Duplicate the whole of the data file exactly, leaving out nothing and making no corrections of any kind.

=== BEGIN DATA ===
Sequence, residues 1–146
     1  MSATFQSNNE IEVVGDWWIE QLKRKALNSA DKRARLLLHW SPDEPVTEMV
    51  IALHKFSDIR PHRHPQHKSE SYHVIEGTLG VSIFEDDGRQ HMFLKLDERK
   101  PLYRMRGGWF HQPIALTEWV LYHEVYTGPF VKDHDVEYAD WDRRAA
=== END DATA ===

Sequence, residues 1–146
     1  MSATFQSNNE IEVVGDWWIE QLKRKALNSA DKRARLLLHW SPDEPVTEMV
    51  IALHKFSDIR PHRHPQHKSE SYHVIEGTLG VSIFEDDGRQ HMFLKLDERK
   101  PLYRMRGGWF HQPIALTEWV LYHEVYTGPF VKDHDVEYAD WDRRAA